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One thing that you have to keep in mind here, is that you don't need to understand recursion to implement it. There is a big difference between "we were taught to do it like that, I implement it and it works" and really understanding the concepts and why it works as it does. With induction, on the other hand, you are supposed to write down a complete, formal ...


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As a disclaimer, I am a CS teacher, so I teach both concepts within that context. However, there is no doubt in my mind that induction is far harder for students to grasp. I have not been able to figure out why. Part of the problem with induction is that there are simply so many moving parts. The inductive step can be quite complex (particularly in my ...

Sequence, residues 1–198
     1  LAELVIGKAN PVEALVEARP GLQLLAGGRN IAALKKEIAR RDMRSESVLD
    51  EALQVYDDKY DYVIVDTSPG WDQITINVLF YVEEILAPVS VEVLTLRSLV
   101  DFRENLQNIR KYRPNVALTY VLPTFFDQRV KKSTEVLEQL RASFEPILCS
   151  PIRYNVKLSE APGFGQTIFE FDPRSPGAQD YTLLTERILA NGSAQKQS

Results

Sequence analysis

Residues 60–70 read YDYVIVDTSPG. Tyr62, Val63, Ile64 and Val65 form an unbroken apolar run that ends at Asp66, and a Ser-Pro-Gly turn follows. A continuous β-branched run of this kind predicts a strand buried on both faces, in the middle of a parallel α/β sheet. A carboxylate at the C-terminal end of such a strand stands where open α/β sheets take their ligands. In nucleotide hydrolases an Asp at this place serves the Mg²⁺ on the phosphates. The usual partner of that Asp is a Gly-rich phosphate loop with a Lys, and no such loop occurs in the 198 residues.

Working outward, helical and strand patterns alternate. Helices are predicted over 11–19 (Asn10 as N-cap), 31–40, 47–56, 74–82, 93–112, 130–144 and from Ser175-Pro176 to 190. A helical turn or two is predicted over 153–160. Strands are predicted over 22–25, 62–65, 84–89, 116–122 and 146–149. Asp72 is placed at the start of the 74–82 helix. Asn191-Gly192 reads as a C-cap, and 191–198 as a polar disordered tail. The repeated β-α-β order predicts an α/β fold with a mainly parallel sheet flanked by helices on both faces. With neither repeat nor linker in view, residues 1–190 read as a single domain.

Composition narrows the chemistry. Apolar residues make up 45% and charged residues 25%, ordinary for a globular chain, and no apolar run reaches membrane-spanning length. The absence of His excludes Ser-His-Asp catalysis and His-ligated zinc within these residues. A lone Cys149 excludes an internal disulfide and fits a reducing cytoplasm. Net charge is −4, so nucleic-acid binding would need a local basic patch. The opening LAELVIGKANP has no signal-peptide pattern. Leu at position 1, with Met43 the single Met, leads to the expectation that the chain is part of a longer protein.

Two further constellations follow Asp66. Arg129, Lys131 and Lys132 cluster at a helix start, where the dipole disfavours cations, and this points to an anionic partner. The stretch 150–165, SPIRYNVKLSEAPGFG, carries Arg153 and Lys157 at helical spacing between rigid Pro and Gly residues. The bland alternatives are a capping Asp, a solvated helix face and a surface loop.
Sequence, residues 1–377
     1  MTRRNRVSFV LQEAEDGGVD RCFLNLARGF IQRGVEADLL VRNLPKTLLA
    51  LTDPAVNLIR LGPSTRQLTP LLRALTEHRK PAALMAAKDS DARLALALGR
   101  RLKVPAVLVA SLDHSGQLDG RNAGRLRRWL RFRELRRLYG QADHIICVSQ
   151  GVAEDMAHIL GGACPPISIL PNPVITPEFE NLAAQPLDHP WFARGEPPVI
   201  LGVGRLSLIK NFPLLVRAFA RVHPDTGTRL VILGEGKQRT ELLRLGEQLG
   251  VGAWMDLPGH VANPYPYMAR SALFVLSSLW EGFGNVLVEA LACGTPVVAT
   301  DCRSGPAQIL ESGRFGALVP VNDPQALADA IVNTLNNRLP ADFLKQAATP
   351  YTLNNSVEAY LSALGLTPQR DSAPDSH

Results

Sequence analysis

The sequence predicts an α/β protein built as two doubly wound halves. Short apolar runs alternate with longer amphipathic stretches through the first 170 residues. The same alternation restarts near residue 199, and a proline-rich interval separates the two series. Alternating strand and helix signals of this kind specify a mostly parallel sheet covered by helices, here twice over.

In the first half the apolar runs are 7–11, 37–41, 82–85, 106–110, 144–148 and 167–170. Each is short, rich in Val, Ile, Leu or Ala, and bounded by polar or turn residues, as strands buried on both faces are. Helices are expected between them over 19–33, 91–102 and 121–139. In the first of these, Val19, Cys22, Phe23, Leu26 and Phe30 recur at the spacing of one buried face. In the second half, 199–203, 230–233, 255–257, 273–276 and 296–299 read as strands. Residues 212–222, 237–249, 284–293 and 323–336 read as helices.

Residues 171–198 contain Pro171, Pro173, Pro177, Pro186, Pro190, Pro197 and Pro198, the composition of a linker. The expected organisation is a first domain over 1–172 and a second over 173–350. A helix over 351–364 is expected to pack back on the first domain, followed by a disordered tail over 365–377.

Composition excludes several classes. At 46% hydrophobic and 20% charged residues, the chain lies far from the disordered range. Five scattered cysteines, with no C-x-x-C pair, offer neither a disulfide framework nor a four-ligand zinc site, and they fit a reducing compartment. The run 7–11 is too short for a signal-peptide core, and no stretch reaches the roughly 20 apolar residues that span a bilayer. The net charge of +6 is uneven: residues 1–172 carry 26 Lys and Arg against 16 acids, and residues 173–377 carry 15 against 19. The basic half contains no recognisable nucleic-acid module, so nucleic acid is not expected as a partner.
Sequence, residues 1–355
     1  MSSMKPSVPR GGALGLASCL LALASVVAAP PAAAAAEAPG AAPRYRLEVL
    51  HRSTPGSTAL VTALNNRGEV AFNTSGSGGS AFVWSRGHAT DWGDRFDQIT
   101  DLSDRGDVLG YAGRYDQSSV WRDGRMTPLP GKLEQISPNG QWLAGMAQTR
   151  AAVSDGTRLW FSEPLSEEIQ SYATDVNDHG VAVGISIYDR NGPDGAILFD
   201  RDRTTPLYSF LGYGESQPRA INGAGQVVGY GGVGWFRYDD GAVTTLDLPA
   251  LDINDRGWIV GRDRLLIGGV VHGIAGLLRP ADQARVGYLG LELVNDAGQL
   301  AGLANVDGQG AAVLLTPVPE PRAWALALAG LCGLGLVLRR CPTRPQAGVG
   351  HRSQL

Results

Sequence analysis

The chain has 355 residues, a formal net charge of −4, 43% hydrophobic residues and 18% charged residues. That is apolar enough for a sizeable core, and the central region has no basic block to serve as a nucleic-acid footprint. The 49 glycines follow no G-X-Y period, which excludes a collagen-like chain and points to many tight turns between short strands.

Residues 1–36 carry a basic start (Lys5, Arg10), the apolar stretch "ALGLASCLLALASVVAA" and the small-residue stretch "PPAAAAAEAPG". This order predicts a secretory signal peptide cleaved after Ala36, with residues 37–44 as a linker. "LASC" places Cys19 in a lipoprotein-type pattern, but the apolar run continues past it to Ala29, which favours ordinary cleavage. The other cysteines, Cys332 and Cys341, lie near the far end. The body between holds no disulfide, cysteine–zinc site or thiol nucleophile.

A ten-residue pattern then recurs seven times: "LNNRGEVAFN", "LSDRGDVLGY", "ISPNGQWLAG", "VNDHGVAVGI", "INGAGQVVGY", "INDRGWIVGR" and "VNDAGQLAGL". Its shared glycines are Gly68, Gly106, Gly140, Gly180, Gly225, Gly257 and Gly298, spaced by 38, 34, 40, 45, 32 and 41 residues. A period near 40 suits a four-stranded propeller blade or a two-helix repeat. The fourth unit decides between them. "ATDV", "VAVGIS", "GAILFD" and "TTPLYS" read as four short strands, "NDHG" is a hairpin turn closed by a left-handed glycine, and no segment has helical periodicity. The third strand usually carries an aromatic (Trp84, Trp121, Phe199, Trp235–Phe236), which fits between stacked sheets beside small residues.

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After looking at Tony Jacobs argument, here is an argument of my own. Start with a single male. At each generation, let $m_n$ and $f_n$ be the total number of males and females respectively, and let $s_n=m_n+f_n$. We have $$ f_0=0, f_1=1, m_0=1, m_1=0. $$ Since each male comes from a female from the previous generation, we have $$ \tag{1}m_{n+1}=f_n,\ \ \...


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You can see it by breaking the numbers $s_n$ into parts: $s_n=f_n+m_n$, which represent the number of female and male bees, respectively, at each level of the family tree. To find $f_{n+1}$, we note that each female bee at level $n+1$ is either the mother of a female bee at level $n$, or else the paternal grandmother of a female bee at level $n-1$. This is ...


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In the context of programming, it seems more natural to distinguish recursion from iteration than from induction, as iteration is the algorithmic realization of iteration. In the context of mathematical proof, recursion becomes something like the method of infinite descent (e.g. the classic proof of the irrationality of $\sqrt{2}$), and is quite natural ...


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